Henry Ford owned an estate called “Fair Lane” near Dearborn, Michigan, in the early ’50’s, and the Ford Fairlane, its namesake, replaced the Crestline marque for the 1955 model year. The Fairlane was the top full-sized vehicle in the Ford fleet for 1955, with six body styles to choose, including the Victoria Coupe and the Crown Victoria Skyliner, which featured a tinted plastic roof, convertible Sunliner, plus a range of sedan models. All would sport the special stainless-steel “Fairlane” strip along each side.
The basic power is a straight-six 223-cubic-inch (3.7L) engine. But the optional offers of the “Y” block 272-cubic-inch (4.5L) Thunderbird V8 or the highest-powered 292-cubic-inch (4.8L) V8 Thunderbolt were also on the table. The engines bolted to a standard transmission with a three-speed, column-mounted shifter.
Beginning in the 1958 model year, the Fairlane looked much the same, although the Crown Victoria Hard-top and two-door Victoria now sported a trimmer roof line. Ford had the “Lifeguard” safety package available in ’58. For that model year, the 292 was available in two power variations and a new 312-cubic-inch (5.1L) V8 engine,which offered up to 225 bhp (168 kW) and brought the Fairlane up to speed a bit quicker.
The second-generation Fairlane was in showrooms for the 1957 model year, and looking trim, it was sleeker than the previous model. The model was longer, wider, and closer to the ground with tail fins not as pronounced as in the G1. The custom was the entry level and was on a shorter wheelbase than the top-of-the-line Fairlane 500.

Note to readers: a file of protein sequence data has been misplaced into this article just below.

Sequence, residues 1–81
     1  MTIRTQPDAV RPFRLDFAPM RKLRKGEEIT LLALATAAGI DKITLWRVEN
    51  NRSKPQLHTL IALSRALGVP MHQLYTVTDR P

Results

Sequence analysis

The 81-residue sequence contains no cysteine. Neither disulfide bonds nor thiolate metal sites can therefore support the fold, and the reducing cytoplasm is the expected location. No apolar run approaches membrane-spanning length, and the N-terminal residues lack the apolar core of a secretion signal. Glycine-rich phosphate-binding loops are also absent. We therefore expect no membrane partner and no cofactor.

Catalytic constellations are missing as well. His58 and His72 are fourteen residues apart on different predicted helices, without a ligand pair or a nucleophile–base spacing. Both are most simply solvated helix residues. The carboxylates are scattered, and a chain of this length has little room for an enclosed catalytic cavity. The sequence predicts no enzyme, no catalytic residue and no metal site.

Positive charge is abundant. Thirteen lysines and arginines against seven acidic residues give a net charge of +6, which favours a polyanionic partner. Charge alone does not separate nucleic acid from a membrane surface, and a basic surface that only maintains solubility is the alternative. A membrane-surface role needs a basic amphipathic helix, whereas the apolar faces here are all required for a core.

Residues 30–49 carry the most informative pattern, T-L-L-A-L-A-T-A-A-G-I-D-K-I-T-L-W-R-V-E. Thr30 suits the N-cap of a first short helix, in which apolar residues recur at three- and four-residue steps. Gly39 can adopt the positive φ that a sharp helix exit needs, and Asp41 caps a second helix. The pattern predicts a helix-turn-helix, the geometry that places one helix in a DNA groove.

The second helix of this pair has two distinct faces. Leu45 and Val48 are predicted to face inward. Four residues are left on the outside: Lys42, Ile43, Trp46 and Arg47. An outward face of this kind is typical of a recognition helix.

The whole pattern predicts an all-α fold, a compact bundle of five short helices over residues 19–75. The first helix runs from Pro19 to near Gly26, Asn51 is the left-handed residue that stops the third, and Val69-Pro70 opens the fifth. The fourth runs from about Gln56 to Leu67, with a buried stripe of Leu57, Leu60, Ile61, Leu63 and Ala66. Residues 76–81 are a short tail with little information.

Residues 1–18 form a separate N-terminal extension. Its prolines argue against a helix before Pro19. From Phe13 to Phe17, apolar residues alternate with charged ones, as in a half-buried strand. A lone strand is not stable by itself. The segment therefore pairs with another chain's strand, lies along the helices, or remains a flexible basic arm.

A new model that year, the Fairlane 500 Skyliner had a retractable hard-top that folded into the trunk with a flip of the switch. The model did bring people into the showrooms, but the vehicle was pricey and not very practical, and the top is also somewhat unreliable, so this is a rare unit today.
The retractable top version has a shorter roof than other Fairlanes, and Ford enlarged the trunk to accommodate it. This vehicle was originally designed as an option for the Lincoln Continental, and it was a last minute decision to put it on the same platform as the Fairlane. The Skyliner model has some sheet metal alterations to give it the same look as the other Fairlane offerings in ’57.
In 1958, the Fairlane sported a front clip with similar lines to the Thunderbird, and quad headlights were now the style. Ford upgraded the optional three-speed automatic transmission and introduced the FE V8 engine line to replace the older power options. The two new big-blocks were a 332-cubic-inch (5.4L) and the 352-cubic-inch (5.4L)